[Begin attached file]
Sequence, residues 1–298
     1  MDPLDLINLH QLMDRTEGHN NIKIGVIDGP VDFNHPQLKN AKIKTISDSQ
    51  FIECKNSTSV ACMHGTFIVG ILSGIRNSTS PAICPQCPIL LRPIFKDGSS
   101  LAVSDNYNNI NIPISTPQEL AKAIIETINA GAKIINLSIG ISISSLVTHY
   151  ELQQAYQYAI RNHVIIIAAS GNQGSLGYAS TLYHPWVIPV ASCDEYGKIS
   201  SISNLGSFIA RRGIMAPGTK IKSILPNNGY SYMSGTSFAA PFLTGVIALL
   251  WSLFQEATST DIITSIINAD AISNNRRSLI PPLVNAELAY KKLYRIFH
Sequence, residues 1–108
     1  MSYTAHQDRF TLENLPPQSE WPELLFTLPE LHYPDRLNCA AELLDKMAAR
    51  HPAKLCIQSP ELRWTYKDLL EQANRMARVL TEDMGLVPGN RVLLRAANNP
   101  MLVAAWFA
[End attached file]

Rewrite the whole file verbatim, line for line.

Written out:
Sequence, residues 1–298
     1  MDPLDLINLH QLMDRTEGHN NIKIGVIDGP VDFNHPQLKN AKIKTISDSQ
    51  FIECKNSTSV ACMHGTFIVG ILSGIRNSTS PAICPQCPIL LRPIFKDGSS
   101  LAVSDNYNNI NIPISTPQEL AKAIIETINA GAKIINLSIG ISISSLVTHY
   151  ELQQAYQYAI RNHVIIIAAS GNQGSLGYAS TLYHPWVIPV ASCDEYGKIS
   201  SISNLGSFIA RRGIMAPGTK IKSILPNNGY SYMSGTSFAA PFLTGVIALL
   251  WSLFQEATST DIITSIINAD AISNNRRSLI PPLVNAELAY KKLYRIFH
Sequence, residues 1–108
     1  MSYTAHQDRF TLENLPPQSE WPELLFTLPE LHYPDRLNCA AELLDKMAAR
    51  HPAKLCIQSP ELRWTYKDLL EQANRMARVL TEDMGLVPGN RVLLRAANNP
   101  MLVAAWFA